Wie weidmennisch vonn allem Weydwerkh zu reden.
Oblong 4to (222 x 172 mm). 1 blank leaf, 50 unnumbered written pages, 2 blank leaves. German manuscript (dark brown ink) on paper, fine calligraphy by a single scribal hand (titles and headlines in blackletter, text in cursive script). Later limp vellum wrappers, spine reinforced with a fragment of a 15th century vellum manuscript with red and blue rubrication. Stored in a modern custom-made half morocco case.
Calligraphically appealing 16th century manuscript on the art and terminology of hunting and falconry, written by a professional scribe for an unidentified sponsor, though likely for a highly placed personage or member of the nobility in South-Western Germany. The manuscript contains contemporary extracts from the end of the third part of Noe Meurer's "Von Forstlicher Oberherrlichkeit und Gerechtigkeit", an important study of hunting first published in Pforzheim by Georg Rab in 1560, and then, in expanded form, in Frankfurt, by Georg Rab & Weigand Han, in 1561. Meurer (born ca. 1525 in Memmingen in Southern Swabia, died in Heidelberg in 1583) was one the first German legal scholars to write in his native tongue rather than in Latin; among his works are treatises on the law of inheritance and of water. In particular, he was the first German author to publish monographs on the subjects of forestry and hunting, not as mere chapters within the larger framework of agriculture, for which reason he was of great importance for the study of forestry in the 16th century. The present extracts comprise the only parts of Meurer's book concerned with the practical, technical aspects of hunting, rather than with its legal foundations. They include sections on hounds, canned and net hunting, the hunting of stags, roes, boars, foxes, rabbits, bears, wolves, ibexes and chamois, as well as a section on how to tell a deer from a roe when viewing the animal from the rear. The final part is dedicated to hunting with falcons and hawks. The entire section on deer ("Die Hürsch zu suchen, wie auch der Hürsch für der Hinndin zue erkennen etc.") is not part of the first edition of Meurer's book, suggesting that the scribe based his work on the second edition of 1561 (leaves LXXXIIII verso to XCVII verso). Yet the order of the individual sections does not follow the published book in all particulars, and the present arrangement would seem to reflect the scribal editor's or the sponsor's private considerations.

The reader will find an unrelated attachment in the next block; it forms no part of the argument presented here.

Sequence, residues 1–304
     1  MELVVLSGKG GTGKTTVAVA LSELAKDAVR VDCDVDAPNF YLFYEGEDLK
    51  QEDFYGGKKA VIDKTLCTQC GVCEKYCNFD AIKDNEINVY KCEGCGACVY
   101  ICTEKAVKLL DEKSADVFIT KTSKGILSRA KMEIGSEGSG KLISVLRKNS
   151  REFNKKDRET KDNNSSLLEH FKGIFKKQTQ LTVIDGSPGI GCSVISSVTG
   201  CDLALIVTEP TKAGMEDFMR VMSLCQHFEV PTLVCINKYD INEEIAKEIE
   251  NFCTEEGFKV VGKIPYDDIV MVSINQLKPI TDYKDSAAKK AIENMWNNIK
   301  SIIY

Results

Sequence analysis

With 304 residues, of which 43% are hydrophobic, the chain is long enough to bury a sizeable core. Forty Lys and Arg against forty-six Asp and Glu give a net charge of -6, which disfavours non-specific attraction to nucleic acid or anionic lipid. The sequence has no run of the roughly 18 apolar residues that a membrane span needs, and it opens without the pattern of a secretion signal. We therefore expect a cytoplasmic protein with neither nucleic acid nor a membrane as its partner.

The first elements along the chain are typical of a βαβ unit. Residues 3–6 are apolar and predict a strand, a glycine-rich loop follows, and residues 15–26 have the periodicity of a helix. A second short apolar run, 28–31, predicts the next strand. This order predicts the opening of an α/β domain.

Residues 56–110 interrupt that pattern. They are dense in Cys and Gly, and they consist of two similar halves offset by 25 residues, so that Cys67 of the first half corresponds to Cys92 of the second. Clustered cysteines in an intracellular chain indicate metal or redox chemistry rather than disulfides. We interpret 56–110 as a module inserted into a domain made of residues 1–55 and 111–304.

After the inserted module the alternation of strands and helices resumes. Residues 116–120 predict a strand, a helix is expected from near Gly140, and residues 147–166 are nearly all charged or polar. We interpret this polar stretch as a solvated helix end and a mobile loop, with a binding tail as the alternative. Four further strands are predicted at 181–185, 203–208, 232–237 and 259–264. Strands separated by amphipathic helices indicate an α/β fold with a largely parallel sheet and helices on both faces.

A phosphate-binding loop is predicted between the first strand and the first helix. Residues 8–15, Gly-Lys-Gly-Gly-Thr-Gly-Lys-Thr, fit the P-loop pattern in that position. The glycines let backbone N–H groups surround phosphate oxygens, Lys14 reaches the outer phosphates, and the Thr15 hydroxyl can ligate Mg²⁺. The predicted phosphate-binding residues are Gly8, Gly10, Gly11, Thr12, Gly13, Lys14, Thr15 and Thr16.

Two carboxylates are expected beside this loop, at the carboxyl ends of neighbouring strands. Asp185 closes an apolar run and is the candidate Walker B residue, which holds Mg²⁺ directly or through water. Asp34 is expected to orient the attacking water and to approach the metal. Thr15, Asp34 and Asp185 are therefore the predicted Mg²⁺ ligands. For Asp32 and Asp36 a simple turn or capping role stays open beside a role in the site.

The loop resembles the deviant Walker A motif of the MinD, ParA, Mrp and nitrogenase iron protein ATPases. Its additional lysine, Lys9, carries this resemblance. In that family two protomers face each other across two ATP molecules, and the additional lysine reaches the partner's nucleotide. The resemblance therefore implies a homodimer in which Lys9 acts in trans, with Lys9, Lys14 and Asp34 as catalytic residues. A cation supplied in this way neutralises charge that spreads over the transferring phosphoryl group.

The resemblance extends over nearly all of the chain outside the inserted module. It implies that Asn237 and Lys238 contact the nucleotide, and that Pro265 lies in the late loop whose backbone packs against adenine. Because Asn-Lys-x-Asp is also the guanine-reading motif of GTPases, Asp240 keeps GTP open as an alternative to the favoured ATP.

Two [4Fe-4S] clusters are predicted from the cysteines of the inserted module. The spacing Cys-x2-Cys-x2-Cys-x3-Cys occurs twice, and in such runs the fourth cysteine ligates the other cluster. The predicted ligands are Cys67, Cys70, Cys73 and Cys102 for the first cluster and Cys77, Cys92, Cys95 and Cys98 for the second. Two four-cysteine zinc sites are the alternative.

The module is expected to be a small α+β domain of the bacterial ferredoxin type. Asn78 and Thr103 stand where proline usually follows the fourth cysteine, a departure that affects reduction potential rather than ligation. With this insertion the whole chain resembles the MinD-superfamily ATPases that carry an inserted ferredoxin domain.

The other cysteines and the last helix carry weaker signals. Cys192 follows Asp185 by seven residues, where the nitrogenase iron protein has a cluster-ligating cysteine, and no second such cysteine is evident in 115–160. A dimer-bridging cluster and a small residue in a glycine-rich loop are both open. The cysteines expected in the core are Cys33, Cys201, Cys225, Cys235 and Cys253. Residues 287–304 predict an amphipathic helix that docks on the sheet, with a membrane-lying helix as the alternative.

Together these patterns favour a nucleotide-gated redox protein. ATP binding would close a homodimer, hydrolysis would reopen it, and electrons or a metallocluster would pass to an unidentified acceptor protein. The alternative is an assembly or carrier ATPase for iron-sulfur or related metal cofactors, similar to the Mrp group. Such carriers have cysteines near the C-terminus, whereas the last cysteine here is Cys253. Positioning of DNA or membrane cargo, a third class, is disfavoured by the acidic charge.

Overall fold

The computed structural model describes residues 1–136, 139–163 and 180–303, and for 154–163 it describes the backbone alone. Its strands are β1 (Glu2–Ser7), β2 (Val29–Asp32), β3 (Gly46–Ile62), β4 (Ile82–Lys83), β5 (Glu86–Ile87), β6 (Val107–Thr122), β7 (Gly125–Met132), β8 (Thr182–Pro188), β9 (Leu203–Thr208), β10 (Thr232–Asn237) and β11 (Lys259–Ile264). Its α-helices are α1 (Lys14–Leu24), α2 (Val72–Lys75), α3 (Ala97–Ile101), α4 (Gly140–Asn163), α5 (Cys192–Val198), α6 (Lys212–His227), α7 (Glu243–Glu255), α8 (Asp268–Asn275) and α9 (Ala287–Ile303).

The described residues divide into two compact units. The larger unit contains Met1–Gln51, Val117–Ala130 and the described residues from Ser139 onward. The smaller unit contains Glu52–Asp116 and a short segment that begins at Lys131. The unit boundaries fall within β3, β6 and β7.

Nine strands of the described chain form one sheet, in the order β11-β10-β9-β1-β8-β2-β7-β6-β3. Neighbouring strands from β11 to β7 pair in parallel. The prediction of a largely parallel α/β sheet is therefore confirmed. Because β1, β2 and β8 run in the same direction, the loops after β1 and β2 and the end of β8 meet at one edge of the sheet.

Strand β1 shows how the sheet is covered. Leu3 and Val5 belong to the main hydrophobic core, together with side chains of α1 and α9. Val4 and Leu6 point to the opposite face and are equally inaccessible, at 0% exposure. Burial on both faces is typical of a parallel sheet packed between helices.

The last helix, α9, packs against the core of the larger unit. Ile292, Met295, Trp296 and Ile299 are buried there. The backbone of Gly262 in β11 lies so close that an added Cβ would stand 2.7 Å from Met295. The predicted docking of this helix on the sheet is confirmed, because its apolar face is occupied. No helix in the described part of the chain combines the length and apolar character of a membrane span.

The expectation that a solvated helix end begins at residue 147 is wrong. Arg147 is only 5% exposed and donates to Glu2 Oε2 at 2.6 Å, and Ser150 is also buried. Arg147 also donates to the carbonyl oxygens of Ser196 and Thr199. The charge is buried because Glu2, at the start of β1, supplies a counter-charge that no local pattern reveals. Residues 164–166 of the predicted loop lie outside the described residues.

The paper stock for this manuscript is from a paper mill in Meurer's native Memmingen (watermark: Gothic letter "P" - or more likely "Q" - with the arms of Memmingen: Briquet III, no. 8750 and p. 468; cf. Briquet I, p. 72; specimens dating from the late 1580s to 1590s).
Very well preserved and legible, untrimmed manuscript from the collection of the Swiss-born German merchant and entrepreneur Hans Dedi (1918-2016), chairman of the "Quelle" mail order concern and the Schickedanz business group, with his bookplate in the marbled solander case and his gilt signet on the spine.
Cf. VD 16, M 5017.